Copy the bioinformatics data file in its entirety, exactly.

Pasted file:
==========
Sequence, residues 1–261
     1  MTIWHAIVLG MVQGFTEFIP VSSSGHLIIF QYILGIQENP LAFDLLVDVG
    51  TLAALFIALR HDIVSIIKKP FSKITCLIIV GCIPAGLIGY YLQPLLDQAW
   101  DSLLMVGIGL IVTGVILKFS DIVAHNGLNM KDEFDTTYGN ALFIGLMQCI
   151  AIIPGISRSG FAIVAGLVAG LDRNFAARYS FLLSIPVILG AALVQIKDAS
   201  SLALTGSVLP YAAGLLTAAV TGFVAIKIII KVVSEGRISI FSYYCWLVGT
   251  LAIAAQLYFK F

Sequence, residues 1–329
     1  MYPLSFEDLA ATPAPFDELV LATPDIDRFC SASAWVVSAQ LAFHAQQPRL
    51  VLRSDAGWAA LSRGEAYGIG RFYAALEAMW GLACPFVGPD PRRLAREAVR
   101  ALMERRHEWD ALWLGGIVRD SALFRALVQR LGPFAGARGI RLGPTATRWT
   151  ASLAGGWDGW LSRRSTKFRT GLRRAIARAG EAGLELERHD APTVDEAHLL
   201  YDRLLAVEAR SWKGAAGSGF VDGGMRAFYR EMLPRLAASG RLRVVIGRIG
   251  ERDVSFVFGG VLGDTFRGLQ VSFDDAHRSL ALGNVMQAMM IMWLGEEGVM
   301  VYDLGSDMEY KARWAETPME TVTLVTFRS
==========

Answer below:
Sequence, residues 1–261
     1  MTIWHAIVLG MVQGFTEFIP VSSSGHLIIF QYILGIQENP LAFDLLVDVG
    51  TLAALFIALR HDIVSIIKKP FSKITCLIIV GCIPAGLIGY YLQPLLDQAW
   101  DSLLMVGIGL IVTGVILKFS DIVAHNGLNM KDEFDTTYGN ALFIGLMQCI
   151  AIIPGISRSG FAIVAGLVAG LDRNFAARYS FLLSIPVILG AALVQIKDAS
   201  SLALTGSVLP YAAGLLTAAV TGFVAIKIII KVVSEGRISI FSYYCWLVGT
   251  LAIAAQLYFK F

Sequence, residues 1–329
     1  MYPLSFEDLA ATPAPFDELV LATPDIDRFC SASAWVVSAQ LAFHAQQPRL
    51  VLRSDAGWAA LSRGEAYGIG RFYAALEAMW GLACPFVGPD PRRLAREAVR
   101  ALMERRHEWD ALWLGGIVRD SALFRALVQR LGPFAGARGI RLGPTATRWT
   151  ASLAGGWDGW LSRRSTKFRT GLRRAIARAG EAGLELERHD APTVDEAHLL
   201  YDRLLAVEAR SWKGAAGSGF VDGGMRAFYR EMLPRLAASG RLRVVIGRIG
   251  ERDVSFVFGG VLGDTFRGLQ VSFDDAHRSL ALGNVMQAMM IMWLGEEGVM
   301  VYDLGSDMEY KARWAETPME TVTLVTFRS